Is 2020 a good year for sloes?
Judith Garforth, 07/10/2020
Sloes are the inky-blue fruits of the blackthorn shrub, which can be found bejewelling hedgerows in autumn. They start to ripen between August and October and although they are inedible raw (they’re very astringent), they are a forager’s favourite especially for sloe gin.
This year, I’ve noticed that the hedges in my area are laden with fruit, and we’ve had similar reports from around the UK too. So is it set to be a bumper crop all over the UK for sloes this year?
What influences the sloe crop?
The abundance of sloes varies from year to year depending on the weather. Sloes develop from blackthorn flowers which bloom early in the year from February to April. So to understand if we’ve had good conditions for sloes this year, it’s necessary to cast our minds back to spring when lockdown had just begun. Can you remember what the weather was like?
Luckily the Met Office provides weather summaries for each month of the year! Although February was quite stormy, overall the blackthorn flowering period was really quite sunny and warm.
- February: 2nd sunniest since 1929, warmer than average.
- March: 9th sunniest since 1929, warmer than average.
- April: sunniest since 1929 and 5th warmest since 1884.
Blackthorn flowers are pollinated by insects, so they depend on visits from nectar and pollen-collecting insects to set their fruit. Because they flower early in the year, their visitors are insects that active early in the spring such as bumblebees and solitary bees. Warm, sunny weather provides good conditions for pollinating insects that have been hibernating over winter, like queen bumblebees.
The date of first flowering of blackthorn and the date of first sighting of queen red-tailed bumblebees are both recorded for Nature’s Calendar. This spring, the UK average date of blackthorn first flowering was 6 March and the average date of first sighting of a bumble bee was 31 March. So by the time the hedgerows were in full flower, pollinators were also out and about.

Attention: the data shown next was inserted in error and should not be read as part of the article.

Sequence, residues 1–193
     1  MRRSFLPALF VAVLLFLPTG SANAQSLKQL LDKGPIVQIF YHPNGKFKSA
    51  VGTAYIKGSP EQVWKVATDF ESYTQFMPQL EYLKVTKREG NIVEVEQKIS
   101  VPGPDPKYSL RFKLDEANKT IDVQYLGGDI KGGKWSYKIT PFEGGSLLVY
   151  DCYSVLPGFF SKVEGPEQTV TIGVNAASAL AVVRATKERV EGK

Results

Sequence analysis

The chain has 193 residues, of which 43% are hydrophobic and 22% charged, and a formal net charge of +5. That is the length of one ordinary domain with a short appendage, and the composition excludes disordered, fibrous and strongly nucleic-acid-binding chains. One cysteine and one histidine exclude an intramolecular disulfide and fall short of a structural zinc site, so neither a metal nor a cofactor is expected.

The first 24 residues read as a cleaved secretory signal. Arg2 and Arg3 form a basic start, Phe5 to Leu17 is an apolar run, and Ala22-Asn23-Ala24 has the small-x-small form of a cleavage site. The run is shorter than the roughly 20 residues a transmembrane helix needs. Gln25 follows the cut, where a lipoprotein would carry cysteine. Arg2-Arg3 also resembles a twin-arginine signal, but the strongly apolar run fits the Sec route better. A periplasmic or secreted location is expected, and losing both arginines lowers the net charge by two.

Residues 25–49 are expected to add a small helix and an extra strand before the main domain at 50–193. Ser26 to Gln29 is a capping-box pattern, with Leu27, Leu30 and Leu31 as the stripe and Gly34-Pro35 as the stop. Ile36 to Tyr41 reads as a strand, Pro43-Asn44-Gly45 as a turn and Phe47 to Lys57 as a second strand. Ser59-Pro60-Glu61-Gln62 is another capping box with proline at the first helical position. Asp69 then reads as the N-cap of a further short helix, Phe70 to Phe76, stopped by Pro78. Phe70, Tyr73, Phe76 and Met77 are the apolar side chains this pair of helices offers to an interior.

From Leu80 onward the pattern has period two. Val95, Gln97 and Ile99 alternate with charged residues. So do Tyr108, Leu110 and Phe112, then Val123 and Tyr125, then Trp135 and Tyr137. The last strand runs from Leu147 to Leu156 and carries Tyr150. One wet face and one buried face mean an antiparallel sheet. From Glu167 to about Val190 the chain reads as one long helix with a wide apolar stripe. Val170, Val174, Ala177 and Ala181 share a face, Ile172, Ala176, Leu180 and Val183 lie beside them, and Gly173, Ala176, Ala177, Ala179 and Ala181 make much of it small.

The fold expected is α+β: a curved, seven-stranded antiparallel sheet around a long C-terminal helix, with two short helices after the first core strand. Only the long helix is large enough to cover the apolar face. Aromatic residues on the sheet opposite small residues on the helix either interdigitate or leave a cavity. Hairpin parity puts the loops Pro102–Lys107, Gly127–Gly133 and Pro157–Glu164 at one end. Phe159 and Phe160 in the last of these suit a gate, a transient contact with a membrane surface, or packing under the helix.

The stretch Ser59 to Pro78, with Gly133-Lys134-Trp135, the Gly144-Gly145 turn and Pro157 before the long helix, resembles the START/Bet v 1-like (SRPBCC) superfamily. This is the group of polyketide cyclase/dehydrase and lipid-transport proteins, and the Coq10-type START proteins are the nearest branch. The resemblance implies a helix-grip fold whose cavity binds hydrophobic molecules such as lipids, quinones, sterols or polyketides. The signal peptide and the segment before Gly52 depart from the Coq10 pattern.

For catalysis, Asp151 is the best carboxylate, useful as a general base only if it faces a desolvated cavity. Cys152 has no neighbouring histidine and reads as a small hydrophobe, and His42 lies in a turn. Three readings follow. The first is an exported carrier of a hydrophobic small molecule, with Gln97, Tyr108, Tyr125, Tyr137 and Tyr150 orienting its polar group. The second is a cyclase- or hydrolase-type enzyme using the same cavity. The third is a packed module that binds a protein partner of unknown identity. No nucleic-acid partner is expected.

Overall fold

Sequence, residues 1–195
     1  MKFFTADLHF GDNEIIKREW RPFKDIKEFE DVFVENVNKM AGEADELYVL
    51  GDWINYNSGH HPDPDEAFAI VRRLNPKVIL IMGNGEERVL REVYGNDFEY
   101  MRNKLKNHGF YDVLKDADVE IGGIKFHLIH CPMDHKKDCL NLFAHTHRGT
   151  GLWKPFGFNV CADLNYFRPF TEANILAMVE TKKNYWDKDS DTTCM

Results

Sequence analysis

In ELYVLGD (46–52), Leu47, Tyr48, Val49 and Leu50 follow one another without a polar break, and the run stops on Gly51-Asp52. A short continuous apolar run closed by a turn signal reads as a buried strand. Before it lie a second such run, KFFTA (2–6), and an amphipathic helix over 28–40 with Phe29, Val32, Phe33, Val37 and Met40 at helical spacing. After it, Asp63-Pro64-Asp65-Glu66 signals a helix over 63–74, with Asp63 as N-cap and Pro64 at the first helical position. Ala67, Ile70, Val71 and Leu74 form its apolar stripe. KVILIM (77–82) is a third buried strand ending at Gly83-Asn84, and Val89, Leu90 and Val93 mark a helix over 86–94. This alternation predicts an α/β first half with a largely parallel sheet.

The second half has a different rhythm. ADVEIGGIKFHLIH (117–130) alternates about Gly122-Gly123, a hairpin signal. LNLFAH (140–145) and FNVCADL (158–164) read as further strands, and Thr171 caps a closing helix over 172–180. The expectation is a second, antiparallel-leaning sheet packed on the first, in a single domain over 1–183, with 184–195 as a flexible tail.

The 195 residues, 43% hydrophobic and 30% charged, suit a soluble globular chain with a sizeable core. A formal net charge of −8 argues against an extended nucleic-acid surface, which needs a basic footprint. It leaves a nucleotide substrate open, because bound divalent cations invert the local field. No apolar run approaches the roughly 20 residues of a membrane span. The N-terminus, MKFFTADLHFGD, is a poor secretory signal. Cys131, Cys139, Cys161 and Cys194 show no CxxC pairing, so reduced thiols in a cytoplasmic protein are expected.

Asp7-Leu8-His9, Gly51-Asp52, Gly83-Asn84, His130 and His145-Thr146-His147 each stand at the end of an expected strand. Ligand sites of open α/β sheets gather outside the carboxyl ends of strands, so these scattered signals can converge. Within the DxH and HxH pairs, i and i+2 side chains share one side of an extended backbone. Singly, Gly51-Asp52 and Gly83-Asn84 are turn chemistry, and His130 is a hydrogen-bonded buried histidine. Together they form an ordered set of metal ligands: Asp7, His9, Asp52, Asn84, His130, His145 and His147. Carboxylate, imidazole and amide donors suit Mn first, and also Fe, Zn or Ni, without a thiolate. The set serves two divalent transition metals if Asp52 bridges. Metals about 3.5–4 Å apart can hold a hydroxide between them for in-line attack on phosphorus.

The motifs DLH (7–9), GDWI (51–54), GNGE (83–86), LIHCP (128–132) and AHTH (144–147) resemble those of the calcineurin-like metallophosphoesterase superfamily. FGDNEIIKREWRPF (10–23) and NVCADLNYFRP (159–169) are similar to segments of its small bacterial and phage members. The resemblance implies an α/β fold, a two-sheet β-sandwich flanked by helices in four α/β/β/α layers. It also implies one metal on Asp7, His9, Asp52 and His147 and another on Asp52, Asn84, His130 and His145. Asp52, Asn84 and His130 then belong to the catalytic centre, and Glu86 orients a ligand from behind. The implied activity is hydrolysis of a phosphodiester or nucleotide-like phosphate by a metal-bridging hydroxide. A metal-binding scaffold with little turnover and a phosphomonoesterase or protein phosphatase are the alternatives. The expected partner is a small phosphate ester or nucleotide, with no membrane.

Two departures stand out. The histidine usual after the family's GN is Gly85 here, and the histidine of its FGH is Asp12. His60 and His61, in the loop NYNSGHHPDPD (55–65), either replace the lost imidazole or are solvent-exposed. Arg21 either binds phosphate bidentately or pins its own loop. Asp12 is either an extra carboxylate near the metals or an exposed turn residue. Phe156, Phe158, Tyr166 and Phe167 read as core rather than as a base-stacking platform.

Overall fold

Not only did we have good weather in spring, we also had plenty of rain throughout the summer. The June, July and August rainfall totals were above average. So, there was plenty of water to swell the blackthorn fruit this year too.
A bumper year for sloes?
So the conditions in 2020 have been right, but is it a bumper year for sloes? Well, the ‘amount of blackthorn fruit’ is also something recorded for the Nature’s Calendar project.
We ask our recorders to rate the blackthorn crop each year on a scale from 1 to 5, where 1 represents no fruit and 5 represents an exceptional crop.
1=no fruit, 2=meagre crop, 3=moderate, 4=good crop and 5=exceptional
It’s still early in autumn, and we’ve not got all the records in for 2020 yet, but results so far give an average sloe fruit score of 3.6.
So for 2020, it’s looking like a moderate to good crop based on our data so far. We’ve been collecting records since 2001 and the lowest UK average sloe fruit score was 2.1 in 2008 and the highest was 3.8 in 2011.
If you’ve noticed plenty of sloes near you and want to forage for sloe gin, read Helen’s blog for identification tips, responsible foraging guidelines and a good recipe.
Ensure we know how this year’s weather has impacted our wildlife by recording autumn events with Nature’s Calendar. If you’ve seen sloes in your area, add a ‘fruit score’ to the Nature’s Calendar website to help us find out how good the crop is this year, all over the UK. For a little more information and inspiration, take a look at our Autumn video.